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For generations, American homebuyers applying for a mortgage received a document called a good faith estimate (GFE) that outlined all the details of the loan. It was one of many disclosures provided to buyers. In recent years, though, those documents were streamlined and combined to create just two: a closing disclosure and a loan estimate. The GFE is still used in very narrow circumstances, but most homeowners won’t come across it. Regardless, the original GFE and the current loan estimate and serve the same purpose: to help buyers understand the terms of their mortgage offer.
Good faith estimates and loan estimates
In 2015, the Dodd-Frank Wall Street Reform and Consumer Protection Act required several key real estate forms to be combined for the purpose of clarity. The good faith estimate and the initial truth-in-lending statement became the loan estimate. Simultaneously, a new closing disclosure was created using the HUD-1 settlement statement and final truth-in-lending form. In short, four documents became two.
The changes to these documents makes them easier to read and, importantly for home shoppers, easier to compare. The loan estimate is presented at the beginning of the mortgage process, making comparison shopping easier for those hunting for the best deal.
This new process is referred to as TRID, a complicated acronym that stands for TILA-RESPA Integrated Disclosures. (TILA is the Truth in Lending Act, and RESPA is the Real Estate Settlement Procedures Act.) To protect and inform consumers, every home loan in the U.S. must follow TRID guidelines.
What information is included?
TRID disclosures contain crucial information for any homebuyer who is taking out a mortgage. The loan estimate breaks down the various costs associated with a home purchase into line items. It provides the same basic information as its predecessor, the GFE, but in a different format.
Loan estimates are required to include estimates for the following:
- Type of loan, such as conventional or FHA
- Interest rate for the loan
- Total monthly payment, including breakdowns by year in the case of an ARM
- Balloon payment, if applicable
- Total closing costs
- Property taxes
- Insurance costs
- Prepayment penalties, if applicable
Certain information is required to be in a prominent place on the first page of the three-page document, including the total monthly payment and estimated cash to close. This requirement aims to make the most pertinent information readily available and obvious to consumers.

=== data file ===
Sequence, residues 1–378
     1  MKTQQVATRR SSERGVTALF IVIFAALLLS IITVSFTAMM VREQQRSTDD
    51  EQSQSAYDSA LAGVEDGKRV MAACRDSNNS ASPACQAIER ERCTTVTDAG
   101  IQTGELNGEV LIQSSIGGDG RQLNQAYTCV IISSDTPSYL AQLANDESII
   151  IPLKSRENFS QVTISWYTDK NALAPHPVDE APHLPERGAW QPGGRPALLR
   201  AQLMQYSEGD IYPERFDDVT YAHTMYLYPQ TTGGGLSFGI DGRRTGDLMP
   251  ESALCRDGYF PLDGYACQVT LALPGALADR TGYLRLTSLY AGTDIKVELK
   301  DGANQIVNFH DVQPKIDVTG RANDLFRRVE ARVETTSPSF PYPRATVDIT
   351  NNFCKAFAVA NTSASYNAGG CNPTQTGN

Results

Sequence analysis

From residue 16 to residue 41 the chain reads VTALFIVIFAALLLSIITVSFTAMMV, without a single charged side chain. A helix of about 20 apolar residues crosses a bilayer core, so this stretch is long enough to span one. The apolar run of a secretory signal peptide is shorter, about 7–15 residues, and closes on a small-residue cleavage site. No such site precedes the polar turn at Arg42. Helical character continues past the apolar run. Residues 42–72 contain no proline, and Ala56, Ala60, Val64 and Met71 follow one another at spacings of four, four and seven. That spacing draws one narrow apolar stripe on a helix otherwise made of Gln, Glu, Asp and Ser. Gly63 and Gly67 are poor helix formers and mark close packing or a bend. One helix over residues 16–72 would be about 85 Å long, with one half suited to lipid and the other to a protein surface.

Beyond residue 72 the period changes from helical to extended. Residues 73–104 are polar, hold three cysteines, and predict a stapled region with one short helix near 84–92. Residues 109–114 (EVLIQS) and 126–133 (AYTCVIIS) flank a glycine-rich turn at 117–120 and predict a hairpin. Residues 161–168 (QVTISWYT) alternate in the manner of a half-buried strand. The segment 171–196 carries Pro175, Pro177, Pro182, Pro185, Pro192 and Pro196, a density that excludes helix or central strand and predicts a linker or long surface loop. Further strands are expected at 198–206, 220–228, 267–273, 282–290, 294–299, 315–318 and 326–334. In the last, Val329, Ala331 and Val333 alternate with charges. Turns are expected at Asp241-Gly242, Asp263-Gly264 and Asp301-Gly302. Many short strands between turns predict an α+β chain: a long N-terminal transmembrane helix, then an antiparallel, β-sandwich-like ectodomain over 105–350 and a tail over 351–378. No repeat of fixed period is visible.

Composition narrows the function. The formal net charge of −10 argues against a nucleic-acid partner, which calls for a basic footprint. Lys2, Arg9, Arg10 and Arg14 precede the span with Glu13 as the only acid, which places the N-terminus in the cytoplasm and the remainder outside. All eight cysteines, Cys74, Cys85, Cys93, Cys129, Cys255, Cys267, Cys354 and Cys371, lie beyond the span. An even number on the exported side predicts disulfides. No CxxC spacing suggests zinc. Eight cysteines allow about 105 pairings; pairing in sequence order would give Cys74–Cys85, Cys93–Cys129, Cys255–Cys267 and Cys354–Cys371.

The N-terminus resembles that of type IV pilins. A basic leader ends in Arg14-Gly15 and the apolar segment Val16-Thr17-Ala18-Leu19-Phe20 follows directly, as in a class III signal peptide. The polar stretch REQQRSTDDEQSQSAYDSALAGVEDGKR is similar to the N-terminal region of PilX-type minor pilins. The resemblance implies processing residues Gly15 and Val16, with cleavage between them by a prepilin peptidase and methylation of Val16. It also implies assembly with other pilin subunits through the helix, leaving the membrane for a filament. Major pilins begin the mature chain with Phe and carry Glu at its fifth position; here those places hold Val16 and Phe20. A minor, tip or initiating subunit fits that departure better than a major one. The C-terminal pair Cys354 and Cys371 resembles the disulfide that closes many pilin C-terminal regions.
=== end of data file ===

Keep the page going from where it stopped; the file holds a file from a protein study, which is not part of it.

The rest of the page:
How GFEs help homebuyers
The primary benefit of a GFE or loan estimate is transparency. These disclosures can prevent a homebuyer from misunderstanding what their monthly payment will be or being blindsided by hidden costs. Consumers can shop around for the best loan terms without being obligated to submit a full application to any particular lender — and since all lenders are required to use the same form, they can quickly compare offers from different companies.
It’s important to note that a loan estimate is not the same as an official loan approval. An estimate is just that, an educated guess about what the lender predicts your terms would look like. After you provide more details about your income and debts, you may see some changes to the terms. It’s in the best interest of a lender to make the estimate as accurate as possible, though: They know a borrower may walk away if the terms change drastically between an estimate and an official offer.
When is the original GFE still used?
In the reverse mortgage industry, a traditional good faith estimate is still used rather than the TRID loan estimate. With a reverse mortgage loan, instead of the homeowner making a monthly payment, the lender pays the homeowner a set amount every month — the homeowner is essentially borrowing a portion of their equity as tax-free income.
Consumers who apply for a reverse mortgage can expect to get a GFE from their potential lender, which will outline any fees that are associated with the arrangement. While a reverse mortgage represents incoming payments, there are still costs that fall to the homeowner, including insurance and property taxes. And when a homeowner with a reverse mortgage (or their heirs) sell the home, the profits must be used to repay the reverse-mortgage loan with interest. These terms are also outlined in the GFE.
A good faith estimate or GFE offers transparency from a lender about the estimated costs associated with a particular home loan. This document has been replaced by a loan estimate for most mortgages, but it is still used in the case of reverse mortgages. The two documents share many details and can help borrowers more easily understand and compare their options before proceeding with a mortgage application.